Since its humble beginnings in 2006, Slam Dunk has become one of the largest independent festivals in the country, and is a must for lovers of all things pop-punk,emo,metalcoreand alternative. As Slam Dunk approaches, GIGSoup’s Tom Forrester is catching up with bands and artists, to find out what it means to themto beplaying the UK’s premier pop-punk fest. Next up is As It Is frontman, Patty Walters.
After winding down his career as a YouTube musician, Patty formed As It Is in 2012, during his time at Brighton University. Joined by guitarists BenjaminLangford-Bissand AndyWesthead, bassist James Fox and drummer Patrick Foley, the band began their career by covering tracks by the glitterati of the pop-punk world.
After cutting their teeth on covers, As It Is released their own music withdébutrecord; ‘Never Happy, Ever After’ in 2015. Thedébutwas a slab of pure pop-punk bliss, and was warmly received by the alternative community.
Since then the band has gone from strength-to-strength; releasing another instant pop-punk classic, in 2017’s ‘okay’; and the vital post-hardcoreself-helpof 2018’s ‘The Great Depression’.
While As It Is has seen a few changes in the intervening years-the band is now rounded out by Ronnie-Ish on rhythm guitar, and AlistairTestoon bass-one thing that has remained constant, is the role of Slam Dunk in the band’s story, and their contribution in ensuring that the festival is the powerhouse that it is today.
What can fans expect from your set at Slam Dunk? How do you select which songs to add to your set?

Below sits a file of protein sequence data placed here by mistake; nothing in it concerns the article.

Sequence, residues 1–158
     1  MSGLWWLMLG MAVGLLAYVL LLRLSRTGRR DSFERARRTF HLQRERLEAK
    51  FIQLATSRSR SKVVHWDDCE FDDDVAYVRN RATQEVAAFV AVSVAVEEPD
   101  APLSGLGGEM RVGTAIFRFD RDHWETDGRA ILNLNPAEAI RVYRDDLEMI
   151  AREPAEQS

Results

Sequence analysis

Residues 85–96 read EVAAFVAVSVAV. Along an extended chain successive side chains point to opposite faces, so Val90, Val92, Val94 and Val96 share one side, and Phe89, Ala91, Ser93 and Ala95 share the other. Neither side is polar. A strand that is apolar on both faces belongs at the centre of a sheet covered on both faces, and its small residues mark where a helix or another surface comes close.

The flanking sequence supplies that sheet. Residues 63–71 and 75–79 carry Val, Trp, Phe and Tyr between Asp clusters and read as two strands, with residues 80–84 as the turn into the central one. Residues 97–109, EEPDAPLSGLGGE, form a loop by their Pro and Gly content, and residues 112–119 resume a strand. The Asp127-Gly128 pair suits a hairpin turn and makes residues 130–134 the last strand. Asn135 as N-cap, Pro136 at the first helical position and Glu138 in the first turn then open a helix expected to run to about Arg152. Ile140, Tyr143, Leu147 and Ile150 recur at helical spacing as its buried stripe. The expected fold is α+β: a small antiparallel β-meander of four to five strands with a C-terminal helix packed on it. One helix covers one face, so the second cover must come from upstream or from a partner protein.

This setis going to bereally, reallyspecial. We’ve spent the past eight months crafting a headline set that we’re extremely proud of, but we definitely havea couple surprisesin store.
What do you guys think of this year’s lineup? What other bands are you looking forward to seeing?
The lineup for this year’s Slam Dunk hasto betheir best yet, it’s unreal. There are loads of bands and artists I’m hoping to catch, but my top three are definitely Lights, Justin Courtney Pierre andGlassjaw.
You’ve played Slam Dunk in the past-what are your favourite memories of playing this festival?
I first went to Slam Dunk as a fan in 2011, and I’ve been nearly every year since. I cried watching The Starting Line who recently returned from their hiatus. We shared a stage with them and some other heroes of ours in 2016, the same stage we opened in 2015 and headlined in 2018.
How important do you think a festival like Slam Dunk is to the modern alternative scene?
It’s incredibly important, now more than ever. Rock isn’t the mainstream movement it was a decade or two ago, but to watch Slam Dunk still growing and celebrating the underground yet thriving alternative scene is amazing.
What plans do you have for the rest of 2019? What’s next for the band?
We’re in the process ofreimagining‘The Great Depression’ in its entirety across four EP’s, the second of which drops this month. We have some more awesome festivals across the UK and Europe this summer, and then we finally have some time back at home to scheme up some really exciting plans.